In those situations where copy assignment cannot benefit from resource reuse (it does not manage a heapallocated array and does not have a (possibly transitive) member that does, such as a member std::vector
or std::string
), there is a popular convenient shorthand: the copyandswap assignment operator, which takes its parameter by value (thus working as both copy and moveassignment depending on the value category of the argument), swaps with the parameter, and lets the destructor clean it up.
// copy assignment (copyandswap idiom) T& T::operator=(T other) noexcept // call copy or move constructor to construct other { std::swap(size, other.size); // exchange resources between *this and other std::swap(mArray, other.mArray); return *this; } // destructor of other is called to release the resources formerly managed by *this
This form automatically provides strong exception guarantee, but prohibits resource reuse.
The overloads of operator>>
and operator<<
that take a std::istream&
or std::ostream&
as the left hand argument are known as insertion and extraction operators. Since they take the userdefined type as the right argument (b
in [email protected]), they must be implemented as nonmembers.
std::ostream& operator<<(std::ostream& os, const T& obj) { // write obj to stream return os; } std::istream& operator>>(std::istream& is, T& obj) { // read obj from stream if( /* T could not be constructed */ ) is.setstate(std::ios::failbit); return is; }
These operators are sometimes implemented as friend functions.
When a userdefined class overloads the function call operator, operator()
, it becomes a FunctionObject type.
An object of such a type can be used in a function call expression:
// An object of this type represents a linear function of one variable a * x + b. struct Linear { double a, b; double operator()(double x) const { return a * x + b; } }; int main() { Linear f{2, 1}; // Represents function 2x + 1. Linear g{1, 0}; // Represents function x. // f and g are objects that can be used like a function. double f_0 = f(0); double f_1 = f(1); double g_0 = g(0); }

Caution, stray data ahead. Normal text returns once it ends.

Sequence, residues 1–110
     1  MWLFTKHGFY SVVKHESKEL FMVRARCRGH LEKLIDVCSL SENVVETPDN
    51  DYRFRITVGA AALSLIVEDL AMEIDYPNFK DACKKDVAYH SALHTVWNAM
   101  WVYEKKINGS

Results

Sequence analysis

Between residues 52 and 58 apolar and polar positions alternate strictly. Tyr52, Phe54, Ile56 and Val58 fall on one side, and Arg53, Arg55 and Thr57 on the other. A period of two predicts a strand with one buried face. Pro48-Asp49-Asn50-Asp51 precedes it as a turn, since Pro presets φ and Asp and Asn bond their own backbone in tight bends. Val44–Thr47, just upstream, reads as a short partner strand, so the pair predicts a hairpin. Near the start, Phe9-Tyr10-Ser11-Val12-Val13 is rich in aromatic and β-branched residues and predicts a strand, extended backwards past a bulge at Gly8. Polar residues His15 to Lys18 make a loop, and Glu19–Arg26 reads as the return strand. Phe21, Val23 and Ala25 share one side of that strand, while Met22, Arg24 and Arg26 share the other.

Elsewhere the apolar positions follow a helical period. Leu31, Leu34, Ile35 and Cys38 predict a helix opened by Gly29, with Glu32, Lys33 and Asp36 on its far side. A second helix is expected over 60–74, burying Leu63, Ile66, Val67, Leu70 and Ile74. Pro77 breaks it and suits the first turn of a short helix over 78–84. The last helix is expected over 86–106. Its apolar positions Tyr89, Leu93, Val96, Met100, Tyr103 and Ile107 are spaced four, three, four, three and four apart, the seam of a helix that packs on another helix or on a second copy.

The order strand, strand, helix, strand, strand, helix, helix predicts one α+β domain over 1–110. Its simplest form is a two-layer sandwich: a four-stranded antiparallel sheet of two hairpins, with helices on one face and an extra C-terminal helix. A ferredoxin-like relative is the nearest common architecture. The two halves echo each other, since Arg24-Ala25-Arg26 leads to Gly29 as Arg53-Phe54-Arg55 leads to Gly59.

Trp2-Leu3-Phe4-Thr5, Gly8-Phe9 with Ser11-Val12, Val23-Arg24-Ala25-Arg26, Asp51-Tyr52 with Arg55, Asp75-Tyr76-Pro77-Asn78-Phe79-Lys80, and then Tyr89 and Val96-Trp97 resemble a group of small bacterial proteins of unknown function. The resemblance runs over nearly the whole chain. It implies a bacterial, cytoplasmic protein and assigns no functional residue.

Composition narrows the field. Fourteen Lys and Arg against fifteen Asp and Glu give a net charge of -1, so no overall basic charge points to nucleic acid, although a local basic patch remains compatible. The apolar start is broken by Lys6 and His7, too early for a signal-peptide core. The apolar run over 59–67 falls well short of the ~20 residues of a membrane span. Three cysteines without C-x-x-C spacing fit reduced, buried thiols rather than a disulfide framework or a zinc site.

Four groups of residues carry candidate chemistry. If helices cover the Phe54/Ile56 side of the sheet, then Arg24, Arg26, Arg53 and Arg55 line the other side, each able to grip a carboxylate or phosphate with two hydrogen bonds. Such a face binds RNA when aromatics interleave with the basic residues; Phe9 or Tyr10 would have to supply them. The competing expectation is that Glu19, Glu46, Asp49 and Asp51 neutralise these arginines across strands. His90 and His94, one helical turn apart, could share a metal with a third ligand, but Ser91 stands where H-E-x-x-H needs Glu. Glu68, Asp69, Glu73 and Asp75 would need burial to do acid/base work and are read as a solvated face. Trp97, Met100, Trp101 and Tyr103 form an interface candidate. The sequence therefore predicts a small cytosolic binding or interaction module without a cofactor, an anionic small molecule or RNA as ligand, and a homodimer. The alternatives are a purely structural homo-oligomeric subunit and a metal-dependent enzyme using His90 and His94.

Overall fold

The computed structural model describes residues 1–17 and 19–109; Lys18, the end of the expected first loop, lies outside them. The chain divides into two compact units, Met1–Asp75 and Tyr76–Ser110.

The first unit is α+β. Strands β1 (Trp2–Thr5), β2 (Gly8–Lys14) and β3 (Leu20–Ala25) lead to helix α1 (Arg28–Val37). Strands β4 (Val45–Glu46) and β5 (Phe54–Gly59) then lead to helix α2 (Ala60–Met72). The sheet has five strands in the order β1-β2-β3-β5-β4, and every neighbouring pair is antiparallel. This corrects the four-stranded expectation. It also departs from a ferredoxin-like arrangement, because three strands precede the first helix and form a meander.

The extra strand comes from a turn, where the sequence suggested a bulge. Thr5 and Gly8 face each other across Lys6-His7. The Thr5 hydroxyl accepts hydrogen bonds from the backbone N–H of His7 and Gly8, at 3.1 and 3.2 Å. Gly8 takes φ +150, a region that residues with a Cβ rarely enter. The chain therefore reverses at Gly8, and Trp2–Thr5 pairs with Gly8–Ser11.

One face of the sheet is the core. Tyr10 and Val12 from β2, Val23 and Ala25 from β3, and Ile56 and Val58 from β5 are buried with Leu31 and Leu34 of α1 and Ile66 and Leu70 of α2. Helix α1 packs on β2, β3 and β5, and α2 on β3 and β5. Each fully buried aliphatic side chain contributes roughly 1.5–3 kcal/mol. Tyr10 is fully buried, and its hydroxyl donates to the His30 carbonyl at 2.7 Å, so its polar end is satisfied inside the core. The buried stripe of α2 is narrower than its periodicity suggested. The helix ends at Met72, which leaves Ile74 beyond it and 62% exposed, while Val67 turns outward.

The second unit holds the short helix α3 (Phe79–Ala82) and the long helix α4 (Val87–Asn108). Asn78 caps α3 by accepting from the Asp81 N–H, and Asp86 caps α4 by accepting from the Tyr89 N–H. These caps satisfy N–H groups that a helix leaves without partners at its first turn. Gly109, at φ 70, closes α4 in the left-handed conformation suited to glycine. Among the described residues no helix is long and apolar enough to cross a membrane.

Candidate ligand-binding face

Many standard algorithms, from std::sort
to std::accumulate
accept FunctionObjects to customize behavior. There are no particularly notable canonical forms of operator()
, but to illustrate the usage:
#include <algorithm> #include <vector> #include <iostream> struct Sum { int sum = 0; void operator()(int n) { sum += n; } }; int main() { std::vector<int> v = {1, 2, 3, 4, 5}; Sum s = std::for_each(v.begin(), v.end(), Sum()); std::cout << "The sum is " << s.sum << '\n'; }
Output:
The sum is 15
When the postfix increment or decrement operator appears in an expression, the corresponding userdefined function (operator++
or operator
) is called with an integer argument 0
. Typically, it is implemented as T operator++(int)
or T operator(int)
, where the argument is ignored. The postfix increment and decrement operators are usually implemented in terms of the prefix versions:
struct X { // prefix increment X& operator++() { // actual increment takes place here return *this; // return new value by reference } // postfix increment X operator++(int) { X old = *this; // copy old value operator++(); // prefix increment return old; // return old value } // prefix decrement X& operator() { // actual decrement takes place here return *this; // return new value by reference } // postfix decrement X operator(int) { X old = *this; // copy old value operator(); // prefix decrement return old; // return old value } };
Although the canonical implementations of the prefix increment and decrement operators return by reference, as with any operator overload, the return type is userdefined; for example the overloads of these operators for std::atomic
return by value.
Binary operators are typically implemented as nonmembers to maintain symmetry (for example, when adding a complex number and an integer, if operator+
is a member function of the complex type, then only complex + integer
would compile, and not integer + complex
). Since for every binary arithmetic operator there exists a corresponding compound assignment operator, canonical forms of binary operators are implemented in terms of their compound assignments: